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Study Description

The Punjabi Sikh population is a well-defined, carefully collected homogeneous sample from northern India and the US. It has unique characteristics, which are ideal for genetic studies. Sikhs are strictly a non-smoking population and about 50% of participants are life-long vegetarians. All subjects included in the genome-wide association studies (GWAS) were recruited from one geographical location. Our population demonstrates a strong familial clustering of type 2 diabetes and related cardio-metabolic disorders that may be genetic and we believe that the contribution of alleles at specific loci are likely to be unique to Punjabi Asians compared to Europeans. Our group first showed that the association of a common variant at rs9939609 in the FTO (fat mass and obesity) gene in South Asians was independent of BMI (PMID:18598350) in contrast to Europeans where the association of same variant with T2D is mediated through obesity (PMID:17434869). These findings were later confirmed in an independent sample of South Indians (PMID:19005641), Pakistanis (PMID:21294771), and even East and South Asians in a large meta-analyses study comprising 96,551 individuals (PMID: 22109280). Earlier reported association of MTNR1B with fasting glucose concentrations and type 2 diabetes in European GWAS could not be confirmed in our Sikh cohort. On the other hand, our study revealed, for the first time, a significant protective association of another less common variant in MTNR1B with fasting glucose levels that was modulated by obesity. Ours was the first report that suggested that the low CETP activity was associated with higher CAD risk (PMID:22143414) in South Asians and that the genetic effects are significantly modulated by environmental factors (alcohol consumption). Our recent GWAS on type 2 diabetes has identified a novel locus at chromosome 13q12 in the SGCG gene (p=1.82x10-8) associated with type 2 diabetes (PMID:23300278) in Punjabi Sikhs. From these findings, we are optimistic that our resource will provide new insights to gene functions in the diabetic pathway and better help researchers to understand and translate these insights to novel therapeutic treatment and early prevention to T2D that may be important beyond Indians.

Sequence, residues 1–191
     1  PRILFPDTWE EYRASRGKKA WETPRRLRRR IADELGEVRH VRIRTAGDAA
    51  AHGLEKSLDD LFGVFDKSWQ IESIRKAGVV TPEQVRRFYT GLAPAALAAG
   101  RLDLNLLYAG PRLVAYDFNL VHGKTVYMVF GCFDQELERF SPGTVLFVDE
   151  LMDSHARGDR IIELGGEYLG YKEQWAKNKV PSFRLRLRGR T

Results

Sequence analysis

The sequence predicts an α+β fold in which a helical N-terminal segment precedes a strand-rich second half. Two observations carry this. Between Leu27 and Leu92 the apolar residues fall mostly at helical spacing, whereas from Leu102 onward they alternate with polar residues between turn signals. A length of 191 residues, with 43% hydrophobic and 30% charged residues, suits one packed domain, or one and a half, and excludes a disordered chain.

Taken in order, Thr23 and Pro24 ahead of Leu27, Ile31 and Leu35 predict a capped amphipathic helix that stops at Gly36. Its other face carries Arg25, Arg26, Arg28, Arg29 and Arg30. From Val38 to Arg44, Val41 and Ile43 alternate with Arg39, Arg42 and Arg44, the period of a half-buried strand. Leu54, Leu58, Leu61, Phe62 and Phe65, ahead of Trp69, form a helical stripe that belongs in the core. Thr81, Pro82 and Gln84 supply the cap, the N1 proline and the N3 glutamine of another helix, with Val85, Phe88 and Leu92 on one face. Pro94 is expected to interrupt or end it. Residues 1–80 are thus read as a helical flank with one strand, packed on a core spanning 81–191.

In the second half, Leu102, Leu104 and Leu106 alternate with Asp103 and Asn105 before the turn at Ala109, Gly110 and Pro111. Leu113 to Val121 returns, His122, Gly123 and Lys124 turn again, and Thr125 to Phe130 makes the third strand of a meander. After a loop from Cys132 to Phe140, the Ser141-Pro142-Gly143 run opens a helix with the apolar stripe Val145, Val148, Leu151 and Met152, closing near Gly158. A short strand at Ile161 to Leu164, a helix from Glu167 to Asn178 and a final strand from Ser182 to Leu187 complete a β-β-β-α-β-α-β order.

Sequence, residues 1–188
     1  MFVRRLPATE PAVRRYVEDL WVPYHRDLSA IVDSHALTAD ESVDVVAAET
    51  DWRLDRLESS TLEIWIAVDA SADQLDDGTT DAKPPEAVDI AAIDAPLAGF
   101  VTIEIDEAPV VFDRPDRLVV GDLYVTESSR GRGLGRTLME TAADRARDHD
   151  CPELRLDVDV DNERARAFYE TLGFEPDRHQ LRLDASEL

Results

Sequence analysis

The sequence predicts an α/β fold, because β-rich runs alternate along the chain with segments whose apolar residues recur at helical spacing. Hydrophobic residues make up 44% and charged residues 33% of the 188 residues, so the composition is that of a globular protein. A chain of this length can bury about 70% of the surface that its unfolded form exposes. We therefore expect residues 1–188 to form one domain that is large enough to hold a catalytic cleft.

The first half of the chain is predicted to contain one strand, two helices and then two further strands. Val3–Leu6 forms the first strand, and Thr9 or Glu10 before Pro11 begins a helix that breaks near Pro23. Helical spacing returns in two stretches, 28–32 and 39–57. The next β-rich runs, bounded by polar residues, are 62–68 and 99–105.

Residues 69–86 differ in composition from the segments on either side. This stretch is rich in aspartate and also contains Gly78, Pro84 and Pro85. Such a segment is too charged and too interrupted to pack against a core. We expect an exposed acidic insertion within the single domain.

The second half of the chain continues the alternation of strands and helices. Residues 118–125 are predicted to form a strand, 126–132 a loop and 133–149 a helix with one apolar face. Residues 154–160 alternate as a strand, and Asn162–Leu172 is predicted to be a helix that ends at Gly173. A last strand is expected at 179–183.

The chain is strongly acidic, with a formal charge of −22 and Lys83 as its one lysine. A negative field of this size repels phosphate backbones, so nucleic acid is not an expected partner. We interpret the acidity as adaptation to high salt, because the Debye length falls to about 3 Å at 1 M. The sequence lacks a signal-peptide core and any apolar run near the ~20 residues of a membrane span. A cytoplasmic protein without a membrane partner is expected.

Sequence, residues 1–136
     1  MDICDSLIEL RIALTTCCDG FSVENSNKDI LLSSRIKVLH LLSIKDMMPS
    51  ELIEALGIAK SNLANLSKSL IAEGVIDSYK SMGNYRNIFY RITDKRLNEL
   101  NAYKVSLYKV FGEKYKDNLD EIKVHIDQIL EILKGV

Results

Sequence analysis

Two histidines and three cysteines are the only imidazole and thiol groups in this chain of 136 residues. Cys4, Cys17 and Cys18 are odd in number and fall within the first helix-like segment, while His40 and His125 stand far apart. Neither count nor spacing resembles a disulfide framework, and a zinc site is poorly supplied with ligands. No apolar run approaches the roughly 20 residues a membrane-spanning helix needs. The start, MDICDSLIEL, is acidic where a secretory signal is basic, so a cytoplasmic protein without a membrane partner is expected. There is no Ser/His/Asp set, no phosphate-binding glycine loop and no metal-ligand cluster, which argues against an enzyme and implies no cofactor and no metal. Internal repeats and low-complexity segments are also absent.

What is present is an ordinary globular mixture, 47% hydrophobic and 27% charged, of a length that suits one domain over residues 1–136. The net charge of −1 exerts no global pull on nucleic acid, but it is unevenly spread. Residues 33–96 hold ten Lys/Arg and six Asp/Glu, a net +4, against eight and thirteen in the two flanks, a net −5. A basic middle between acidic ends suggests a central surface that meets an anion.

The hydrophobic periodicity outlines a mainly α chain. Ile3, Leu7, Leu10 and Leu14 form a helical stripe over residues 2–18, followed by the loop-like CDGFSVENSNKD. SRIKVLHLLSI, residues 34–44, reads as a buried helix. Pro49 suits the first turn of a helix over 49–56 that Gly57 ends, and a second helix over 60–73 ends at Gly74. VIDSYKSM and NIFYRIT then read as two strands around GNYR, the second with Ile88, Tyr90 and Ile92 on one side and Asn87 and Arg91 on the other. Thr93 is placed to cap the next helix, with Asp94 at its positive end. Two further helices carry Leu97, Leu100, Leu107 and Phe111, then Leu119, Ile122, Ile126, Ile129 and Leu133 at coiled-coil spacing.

• Study Weblink: OUHSC.edu
  • Study Type: Case-Control
  • dbGaP estimated ancestry components using GRAF-pop
  • Number of study subjects that have individual level data available through Authorized Access: 1616

Authorized Access
Publicly Available Data (Public ftp)

Connect to the public download site. The site contains release notes and manifests. If available, the site also contains data dictionaries, variable summaries, documents, and truncated analyses.

Study Inclusion/Exclusion Criteria

Inclusion:

The study sample consists of individuals who self-reported no South Indian (Dravidian) admixture and membership in the North Indian Punjabi Sikh community. Punjabi families originating from Punjab (Pakistan or India), Haryana, Jammu and Kashmir were included. Only individuals who reported that all four grandparents were Punjabi Sikhs of North Indian origin, who had Punjabi surnames and who spoke the Punjabi language, were included.

Exclusion:

Excluded from the sample were half-siblings, adopted individuals, and individuals with type I diabetes (T1DM) or a family member with T1DM, the rare form of T2DM subtype (MODY), or secondary diabetes (e.g., hemochromatosis, pancreatitis). The selection of controls was based on a fasting glucose of <100.8 mg/dL or a 2h glucose <141.0 mg/dL. Subjects with impaired fasting glucose (IFG) or impaired glucose tolerance (IGT) were excluded when data were analyzed for association of variants with T2D.

Molecular Data
TypeSourcePlatformNumber of Oligos/SNPsSNP Batch IdComment
Whole Genome Genotyping Illumina Human660W-Quad_v1_A 592839 1048965
Study History

Funding for data collection with PhenX variables has been provided by the NHGRI PhenX RISING program.

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